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Keeping kids in school: Suspensions, expulsions last resort for CUSD
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The U.S. Department of Education's Office of Civil Rights is looking to shed light on what they call the "problem of excessive use of suspension and expulsion of students as a disciplinary tool in the nation's schools."

The national study will gather data to ensure disciplinary practices are carried out fairly and to ensure school districts are keeping expelled or suspended students in a learning environment.

State Superintendent of Public Instruction Tom Torlakson said he applauds the efforts by the OCR.

"I encourage all local educational agencies to continue to collect and analyze their suspension and expulsion data to determine whether their current practices are meeting the needs of their students, keeping in mind that the objective is to keep as many students as possible in a learning environment," Torlakson said. "We encourage all districts and sites to continue to seek behavioral interventions and options other than suspension and expulsion as a means of addressing student behavior."

Locally, the Ceres Unified School District is doing what it can to ensure the continued education of expelled students. CUSD Director of Student Services John Christiansen said discipline practices have improved since the days when a troubled student was kicked out of school and just stayed at home.

"Community School has been around a long time," said Christiansen. "They don't stay at home. We require them to be enrolled in school."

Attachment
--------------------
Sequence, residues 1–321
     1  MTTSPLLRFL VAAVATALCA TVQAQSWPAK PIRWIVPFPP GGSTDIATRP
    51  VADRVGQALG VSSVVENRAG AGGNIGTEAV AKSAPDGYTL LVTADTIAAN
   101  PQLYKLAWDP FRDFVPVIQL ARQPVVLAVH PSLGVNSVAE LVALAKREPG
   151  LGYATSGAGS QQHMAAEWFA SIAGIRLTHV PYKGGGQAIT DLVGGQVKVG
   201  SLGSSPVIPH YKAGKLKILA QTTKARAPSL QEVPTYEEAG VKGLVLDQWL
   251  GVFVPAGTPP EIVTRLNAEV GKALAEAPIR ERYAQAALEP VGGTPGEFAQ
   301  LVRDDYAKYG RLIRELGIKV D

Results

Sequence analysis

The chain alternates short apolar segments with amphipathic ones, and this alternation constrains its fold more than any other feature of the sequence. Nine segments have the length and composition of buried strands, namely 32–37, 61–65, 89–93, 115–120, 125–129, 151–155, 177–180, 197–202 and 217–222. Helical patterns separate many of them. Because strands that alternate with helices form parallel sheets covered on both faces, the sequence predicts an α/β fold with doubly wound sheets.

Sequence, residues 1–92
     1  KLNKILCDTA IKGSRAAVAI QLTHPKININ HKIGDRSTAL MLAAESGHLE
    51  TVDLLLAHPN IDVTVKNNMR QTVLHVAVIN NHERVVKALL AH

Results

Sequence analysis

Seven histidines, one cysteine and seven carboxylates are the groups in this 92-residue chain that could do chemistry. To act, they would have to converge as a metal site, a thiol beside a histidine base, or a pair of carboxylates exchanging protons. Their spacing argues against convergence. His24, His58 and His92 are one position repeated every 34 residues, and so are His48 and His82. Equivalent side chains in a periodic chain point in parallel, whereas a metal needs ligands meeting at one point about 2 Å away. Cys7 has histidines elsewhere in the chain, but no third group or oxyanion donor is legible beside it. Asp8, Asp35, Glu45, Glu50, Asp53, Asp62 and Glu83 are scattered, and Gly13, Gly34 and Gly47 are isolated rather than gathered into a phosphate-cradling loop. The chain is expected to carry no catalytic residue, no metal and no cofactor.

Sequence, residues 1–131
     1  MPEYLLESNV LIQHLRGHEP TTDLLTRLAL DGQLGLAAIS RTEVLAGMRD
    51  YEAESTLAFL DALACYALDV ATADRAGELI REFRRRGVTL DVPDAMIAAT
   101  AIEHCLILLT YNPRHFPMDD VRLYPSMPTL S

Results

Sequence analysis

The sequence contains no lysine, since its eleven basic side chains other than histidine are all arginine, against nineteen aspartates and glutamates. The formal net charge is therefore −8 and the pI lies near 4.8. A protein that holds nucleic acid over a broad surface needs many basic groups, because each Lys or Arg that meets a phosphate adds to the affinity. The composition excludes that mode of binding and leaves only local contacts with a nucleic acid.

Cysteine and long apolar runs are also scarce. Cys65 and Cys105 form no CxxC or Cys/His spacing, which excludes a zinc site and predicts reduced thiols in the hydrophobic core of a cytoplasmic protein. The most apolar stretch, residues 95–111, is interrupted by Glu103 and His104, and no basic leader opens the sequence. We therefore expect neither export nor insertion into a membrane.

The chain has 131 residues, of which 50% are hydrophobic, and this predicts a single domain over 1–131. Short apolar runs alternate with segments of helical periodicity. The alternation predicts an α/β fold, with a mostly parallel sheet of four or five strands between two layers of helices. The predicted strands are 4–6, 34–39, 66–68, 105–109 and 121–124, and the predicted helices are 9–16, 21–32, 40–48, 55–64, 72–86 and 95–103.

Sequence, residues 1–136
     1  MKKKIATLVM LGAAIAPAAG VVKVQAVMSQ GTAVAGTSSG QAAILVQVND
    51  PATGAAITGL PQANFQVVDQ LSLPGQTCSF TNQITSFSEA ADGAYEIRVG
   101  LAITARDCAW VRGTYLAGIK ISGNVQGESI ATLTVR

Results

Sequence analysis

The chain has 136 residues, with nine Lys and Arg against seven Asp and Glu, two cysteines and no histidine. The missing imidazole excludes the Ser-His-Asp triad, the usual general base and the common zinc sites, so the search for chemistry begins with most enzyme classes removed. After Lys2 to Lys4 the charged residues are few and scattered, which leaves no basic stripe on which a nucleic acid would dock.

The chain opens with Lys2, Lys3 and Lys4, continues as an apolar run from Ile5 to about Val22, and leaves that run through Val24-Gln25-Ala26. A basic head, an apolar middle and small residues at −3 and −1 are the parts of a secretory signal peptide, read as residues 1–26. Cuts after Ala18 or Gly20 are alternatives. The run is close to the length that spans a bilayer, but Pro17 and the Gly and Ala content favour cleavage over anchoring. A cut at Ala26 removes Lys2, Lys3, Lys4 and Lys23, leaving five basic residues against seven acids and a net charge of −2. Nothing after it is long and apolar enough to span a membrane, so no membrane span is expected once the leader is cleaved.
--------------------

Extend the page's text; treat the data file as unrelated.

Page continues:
Last year CUSD had 2,514 suspensions out of a student population of 11,941; and 2,715 during the 2009-10 school year. Christiansen said many of those suspensions could be repeat offenders and is not the total number of students actually suspended.

Of last year's suspensions 560 occurred at Blaker Kinser Junior High, 402 at Central Valley High School, 350 at Ceres High School, 280 at Mae Hensley Junior High School and 110 at Argus High School.

"Usually the schools do a very good job of reminding the kids of the rules," said Christiansen. "Students are given alternatives to suspension first but if that doesn't work we do resort to suspensions. The schools do a good job of doing a lot of interventions before suspending."

Suspensions and expulsions depend on a variety of factors, including age, past history and how much counseling has taken place. Complete defiance, talking too much in class, or fighting can all lead to suspension.

The numbers for CUSD expulsions fluctuates from year to year but are typically low. CUSD had 98 expulsions during the 2009-10 school year and 95 in 2010-11.

In an effort to keep expelled students in school, students are sent to alternative schools such as Ceres Community School on the former Memorial Hospital Ceres campus, the Stanislaus Military Academy in Turlock or the Stanislaus Arts Academy. The student agrees to adhere to a contract that governs his or her behavior and academic progress at these alternative schools. Should the student meet the terms of the contract they are let back into a traditional campus - sometimes within one semester or less.

Typically, said Christiansen, elementary school students are not expelled because of their age. They are counseled quite a bit.

The Education Code allows a school district to expel a student for various reasons such as brandishing a knife, selling drugs on campus or bringing a gun to school. Sometimes a students may be expelled for multiple suspensions. All expulsions - which typically run two semesters - must be approved by the School Board after a due process, said Christiansen.

For suspended students, the having "free" days off are quickly diminishing. Similar to Saturday school, suspended students are expected to attend a regular school day in a classroom separate from their peers.

"We try to keep suspended high school students on in-house suspension; it is more effective than sending the student to stay at home."

Community School is run by the Stanislaus County Office of Education. The system is not perfect because kids can end up spending a lot of time at home or on their own.

"One of the things that Community School will do is put the kids on independent study so they come in once a week... so most of their work is done at home. That can leave them with time to get in trouble."